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A Hard Denim Is Good to Find

Oops, did I really say that? Well, yeah, I did. So now that I’ve gotten that off my chest here’s the facts, Ma’m.

Finding good denim is tough! I have been looking for the last 5 years, through all the fabrics stores I’ve hit during business travels across the country, and by ordering swatches from Mood (thanks for the suggestion, Becki!) as well as other sites. I have bought denim for commercial and other uses so I’ve been around, loosely, er, loosely speaking, tasting all the denim I could.

The problem is that almost all vendors don’t know how the denim will perform over the years. They may not know the source of it in the first place. I tend to hang with my good friend Ann at GorgeousFabrics.com. She’ll know her source if she can and she sews the fabrics she buys. So I’ve made 3 to 5 yard denim purchases over the years from everywhere, and even bought out the last bolt of very dark wash, heavy shirt weight, denim from Textile Fabrics in Nashville. It was the closest thing they had to what I needed.

Textile Fabrics is an excellent store, BTW, should you ever get to Nashville. And if you don’t ever get to Nashville, you’ve blown your chance to visit one of the best fabric stores in US. Just my opinion and I’ve spent a lot of time and money gaining that opinion. LOL

A binding, seemingly insurmountable problem has been that Mr Stitch turns out to be very picky in his choice of colors.  He couldn’t use the light blue that has recently come back into fashion nor was he remotely interested in black. Oh, no. He has a total thing for blues. The color, not the music (darn it all) and he’d probably like the blue used in this paragraph.  Strong like Bull, stubborn like Ox.

So my 13 yards of very dark wash, slightly brushed for softness, yet close weave chambray (AKA Cambric) denim from Textile Fabrics has languished on the shelf, awaiting inspiration.

Desperation inspiration struck yesterday and 5 ripped sections of 60″ wide, 50″ in length yardage have been washed, dried and ironed.  The left over 6 yards is washed and folded.

Then I found my packet of patterns and notations and OLD SCRAPES from the years of shirt making for Mr Stitch.

Moving a work room is something that curses you for years afterward.  No matter how hard you try.  Remember this.

So late last night, I learned that my favorite pattern (I’d even forgotten I had numerous patterns, commercial and custom drafted) (I blame it on the chemo, so much got wiped out) calls for 1/2 yard more than the 5 segments I’d ripped.

Yeah, well, I might be bummed. I’ll have to do the layout with his alterations incorporated to see what I shall see. That’s on the menu for today.

The good news is that I have in my greedy little paws a whole ** load of ProWOVEN Super-Crisp Fusible Interfacing that I am really anxious to use in the collars ’cause that ironing last night and coming up during construction is probably the last iron these shirts will see.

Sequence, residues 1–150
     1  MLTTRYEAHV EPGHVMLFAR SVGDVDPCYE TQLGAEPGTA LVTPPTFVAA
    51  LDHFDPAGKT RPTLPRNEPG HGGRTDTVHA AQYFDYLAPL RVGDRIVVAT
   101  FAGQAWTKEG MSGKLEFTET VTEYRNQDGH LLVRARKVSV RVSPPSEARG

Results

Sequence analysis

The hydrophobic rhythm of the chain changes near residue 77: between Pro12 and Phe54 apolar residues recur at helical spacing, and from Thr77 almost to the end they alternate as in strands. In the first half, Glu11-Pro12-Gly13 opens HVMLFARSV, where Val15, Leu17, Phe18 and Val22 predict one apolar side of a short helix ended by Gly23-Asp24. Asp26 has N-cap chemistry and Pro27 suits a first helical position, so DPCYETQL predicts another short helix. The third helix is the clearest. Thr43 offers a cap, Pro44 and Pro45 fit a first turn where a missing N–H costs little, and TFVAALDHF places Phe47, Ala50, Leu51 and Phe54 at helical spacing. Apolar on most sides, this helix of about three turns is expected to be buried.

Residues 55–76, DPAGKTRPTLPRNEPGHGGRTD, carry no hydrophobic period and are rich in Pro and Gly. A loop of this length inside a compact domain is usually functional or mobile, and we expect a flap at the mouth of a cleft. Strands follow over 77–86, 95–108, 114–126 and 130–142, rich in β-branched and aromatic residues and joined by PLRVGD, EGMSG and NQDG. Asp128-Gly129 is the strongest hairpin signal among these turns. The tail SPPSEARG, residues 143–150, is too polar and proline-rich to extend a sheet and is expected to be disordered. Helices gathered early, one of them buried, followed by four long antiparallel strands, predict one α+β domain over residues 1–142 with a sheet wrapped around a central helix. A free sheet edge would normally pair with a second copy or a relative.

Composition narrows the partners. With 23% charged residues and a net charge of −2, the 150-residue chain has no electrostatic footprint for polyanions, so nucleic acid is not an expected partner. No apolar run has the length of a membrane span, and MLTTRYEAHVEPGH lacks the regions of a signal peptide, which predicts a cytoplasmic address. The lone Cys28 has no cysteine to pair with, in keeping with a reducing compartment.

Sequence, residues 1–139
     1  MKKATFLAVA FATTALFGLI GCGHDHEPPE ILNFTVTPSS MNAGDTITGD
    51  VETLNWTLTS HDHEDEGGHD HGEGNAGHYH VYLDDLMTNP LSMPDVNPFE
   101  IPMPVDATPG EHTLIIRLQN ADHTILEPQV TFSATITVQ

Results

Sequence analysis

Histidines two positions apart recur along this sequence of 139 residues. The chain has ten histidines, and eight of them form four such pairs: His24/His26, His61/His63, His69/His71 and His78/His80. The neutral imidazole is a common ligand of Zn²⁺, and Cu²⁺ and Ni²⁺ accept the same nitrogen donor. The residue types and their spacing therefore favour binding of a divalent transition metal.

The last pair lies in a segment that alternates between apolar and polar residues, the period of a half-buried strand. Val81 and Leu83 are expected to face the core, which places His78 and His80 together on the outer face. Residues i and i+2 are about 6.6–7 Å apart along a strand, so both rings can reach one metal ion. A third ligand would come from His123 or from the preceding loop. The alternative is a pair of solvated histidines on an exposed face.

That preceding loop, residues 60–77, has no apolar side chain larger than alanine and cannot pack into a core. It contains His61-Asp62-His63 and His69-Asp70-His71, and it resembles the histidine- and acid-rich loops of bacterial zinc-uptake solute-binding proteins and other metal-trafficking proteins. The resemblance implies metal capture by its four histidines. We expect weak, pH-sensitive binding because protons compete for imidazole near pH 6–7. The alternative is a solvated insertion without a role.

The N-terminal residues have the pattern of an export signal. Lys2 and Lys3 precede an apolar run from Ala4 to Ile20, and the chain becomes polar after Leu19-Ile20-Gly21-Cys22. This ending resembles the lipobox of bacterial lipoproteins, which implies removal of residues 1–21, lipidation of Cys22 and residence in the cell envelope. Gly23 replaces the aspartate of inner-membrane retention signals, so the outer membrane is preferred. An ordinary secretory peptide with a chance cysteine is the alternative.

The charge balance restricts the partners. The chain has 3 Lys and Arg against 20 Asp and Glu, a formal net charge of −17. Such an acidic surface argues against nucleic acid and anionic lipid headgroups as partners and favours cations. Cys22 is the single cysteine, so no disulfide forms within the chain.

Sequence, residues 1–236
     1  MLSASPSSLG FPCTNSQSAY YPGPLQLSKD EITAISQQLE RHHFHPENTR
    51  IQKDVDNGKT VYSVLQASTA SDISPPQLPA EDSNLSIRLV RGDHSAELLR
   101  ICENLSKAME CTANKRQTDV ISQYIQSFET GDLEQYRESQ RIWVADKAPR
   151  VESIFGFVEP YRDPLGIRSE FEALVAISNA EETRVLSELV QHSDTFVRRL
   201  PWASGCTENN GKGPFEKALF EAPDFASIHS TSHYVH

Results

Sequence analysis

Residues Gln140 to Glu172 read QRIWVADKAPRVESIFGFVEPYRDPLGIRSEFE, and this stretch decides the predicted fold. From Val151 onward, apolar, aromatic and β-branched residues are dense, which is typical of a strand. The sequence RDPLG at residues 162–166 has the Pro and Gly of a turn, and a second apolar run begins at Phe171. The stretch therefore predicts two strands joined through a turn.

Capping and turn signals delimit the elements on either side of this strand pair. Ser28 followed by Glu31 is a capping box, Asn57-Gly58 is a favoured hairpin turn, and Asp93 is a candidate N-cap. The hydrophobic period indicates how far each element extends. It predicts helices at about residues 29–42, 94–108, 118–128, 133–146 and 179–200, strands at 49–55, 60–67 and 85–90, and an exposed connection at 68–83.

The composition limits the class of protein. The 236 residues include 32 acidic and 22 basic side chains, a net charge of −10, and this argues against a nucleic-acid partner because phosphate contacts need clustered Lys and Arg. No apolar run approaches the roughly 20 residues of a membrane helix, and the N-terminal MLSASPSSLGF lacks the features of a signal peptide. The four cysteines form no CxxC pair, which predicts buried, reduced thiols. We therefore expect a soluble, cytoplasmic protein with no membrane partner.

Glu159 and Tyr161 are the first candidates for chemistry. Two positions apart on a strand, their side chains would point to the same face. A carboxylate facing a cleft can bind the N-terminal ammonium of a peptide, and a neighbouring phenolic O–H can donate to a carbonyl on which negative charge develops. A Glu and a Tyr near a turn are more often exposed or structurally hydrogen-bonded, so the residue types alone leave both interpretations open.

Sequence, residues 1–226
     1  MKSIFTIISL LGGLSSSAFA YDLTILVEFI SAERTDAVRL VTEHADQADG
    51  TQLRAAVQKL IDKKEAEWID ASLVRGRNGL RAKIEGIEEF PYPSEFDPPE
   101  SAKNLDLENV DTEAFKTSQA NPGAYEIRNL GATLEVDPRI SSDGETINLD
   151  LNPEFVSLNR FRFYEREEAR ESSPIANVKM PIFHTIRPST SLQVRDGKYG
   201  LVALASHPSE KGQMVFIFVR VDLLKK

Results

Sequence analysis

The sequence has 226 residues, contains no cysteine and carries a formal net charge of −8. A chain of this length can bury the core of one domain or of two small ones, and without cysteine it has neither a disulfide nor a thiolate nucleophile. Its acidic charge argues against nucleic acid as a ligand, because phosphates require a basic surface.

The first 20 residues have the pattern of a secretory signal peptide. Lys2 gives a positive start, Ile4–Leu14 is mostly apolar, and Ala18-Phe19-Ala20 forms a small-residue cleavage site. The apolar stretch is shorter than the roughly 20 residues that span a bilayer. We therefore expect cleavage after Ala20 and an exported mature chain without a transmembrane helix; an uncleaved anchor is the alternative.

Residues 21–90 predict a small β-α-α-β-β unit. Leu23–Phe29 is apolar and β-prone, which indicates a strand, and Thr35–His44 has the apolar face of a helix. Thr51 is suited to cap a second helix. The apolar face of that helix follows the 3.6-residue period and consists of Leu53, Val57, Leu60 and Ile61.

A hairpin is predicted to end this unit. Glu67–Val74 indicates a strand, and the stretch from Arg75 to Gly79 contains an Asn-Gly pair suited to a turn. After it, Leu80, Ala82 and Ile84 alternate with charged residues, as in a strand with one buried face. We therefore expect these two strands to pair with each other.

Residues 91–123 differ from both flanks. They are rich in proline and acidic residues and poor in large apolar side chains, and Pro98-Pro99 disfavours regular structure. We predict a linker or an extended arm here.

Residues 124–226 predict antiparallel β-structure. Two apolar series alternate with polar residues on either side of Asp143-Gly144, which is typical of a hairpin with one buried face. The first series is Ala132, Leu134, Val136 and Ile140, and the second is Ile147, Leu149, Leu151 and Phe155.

And SCRAPES.  Gosh darn it where have these been hiding?  I could have sent  one off to Ressy, as Elaine Good suggested yesterday, many years ago and saved myself a ton of fabulous denim research.  Or not.

Que será, será

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About Mary Beth

I am fascinated by changing patterns and colored threads. I sew garments and am teaching myself to machine knit. Since selling the building that housed my workrooms, The Stitchery, I'm searching for a place to set up the knitting machines again. There must be room here somewhere!

12 responses »

  1. Oh, yes! I’ve been on a denim tear and know exactly how hard it is to find what you want. I’m thinking maybe you can use contrast fabrics to pick up the shortage on the lengths you divvied out (inside yoke, etc.) Looking forward to your upcoming shirt review(s) ;)

    Reply
  2. I have considered cutting a large piece into sections for pretreating before, but I was too scared that I would come up short!
    Your husband must be related to mine, I can’t imagine have so many identical shirts. It must be like a uniform for them.
    If he doesn’t like the idea of contrasting fabrics, and you still come up short you might try changing your layout from a shirt per piece to sleeves or fronts or backs per piece. I know it might be a more of a layout challenge but you might get all of your pieces in that way.

    Reply
  3. Hi Mary Beth. The blue chambray sounds delicious. Do you know of any good fabric shops in Albuquerque or Santa Fe. We’re headed that way on holiday soon, and I hate to miss an opportunity :-)

    Reply
  4. Theresa in Tucson

    Hmm, the ProWoven SuperCrisp is sounding better and better. When you do use it, write about your procedure. Usually, I avoid fusibles in shirts as they tend to orange peel but I have some denim shirts in the future and just might try some. The crisp non fusible I’ve been using is almost gone.

    Reply
  5. Ah, yes, I’ve spent some $$ at Textile myself.

    Ok. It’s probably more like $$$…

    Reply
  6. Thanks for the tip about Textile Fabrics. I’m going to be in Nashville in a month or so and now I know where to shop!

    Reply

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